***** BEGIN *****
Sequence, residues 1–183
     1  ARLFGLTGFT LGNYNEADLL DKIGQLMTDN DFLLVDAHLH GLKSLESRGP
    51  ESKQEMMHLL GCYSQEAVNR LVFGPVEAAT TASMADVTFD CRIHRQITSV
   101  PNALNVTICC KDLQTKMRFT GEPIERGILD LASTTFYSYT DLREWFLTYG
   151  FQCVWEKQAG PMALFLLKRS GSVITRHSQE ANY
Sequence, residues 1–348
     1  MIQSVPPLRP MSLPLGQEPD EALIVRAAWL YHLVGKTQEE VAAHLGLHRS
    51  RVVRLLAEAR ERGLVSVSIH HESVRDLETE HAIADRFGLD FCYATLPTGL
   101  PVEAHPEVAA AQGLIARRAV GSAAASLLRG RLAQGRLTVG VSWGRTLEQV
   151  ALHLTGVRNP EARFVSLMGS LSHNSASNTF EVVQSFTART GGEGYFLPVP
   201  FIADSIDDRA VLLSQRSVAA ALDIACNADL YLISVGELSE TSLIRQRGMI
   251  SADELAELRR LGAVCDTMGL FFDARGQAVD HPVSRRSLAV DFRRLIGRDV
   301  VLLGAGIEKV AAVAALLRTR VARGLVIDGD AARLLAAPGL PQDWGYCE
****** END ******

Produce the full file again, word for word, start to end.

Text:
Sequence, residues 1–183
     1  ARLFGLTGFT LGNYNEADLL DKIGQLMTDN DFLLVDAHLH GLKSLESRGP
    51  ESKQEMMHLL GCYSQEAVNR LVFGPVEAAT TASMADVTFD CRIHRQITSV
   101  PNALNVTICC KDLQTKMRFT GEPIERGILD LASTTFYSYT DLREWFLTYG
   151  FQCVWEKQAG PMALFLLKRS GSVITRHSQE ANY
Sequence, residues 1–348
     1  MIQSVPPLRP MSLPLGQEPD EALIVRAAWL YHLVGKTQEE VAAHLGLHRS
    51  RVVRLLAEAR ERGLVSVSIH HESVRDLETE HAIADRFGLD FCYATLPTGL
   101  PVEAHPEVAA AQGLIARRAV GSAAASLLRG RLAQGRLTVG VSWGRTLEQV
   151  ALHLTGVRNP EARFVSLMGS LSHNSASNTF EVVQSFTART GGEGYFLPVP
   201  FIADSIDDRA VLLSQRSVAA ALDIACNADL YLISVGELSE TSLIRQRGMI
   251  SADELAELRR LGAVCDTMGL FFDARGQAVD HPVSRRSLAV DFRRLIGRDV
   301  VLLGAGIEKV AAVAALLRTR VARGLVIDGD AARLLAAPGL PQDWGYCE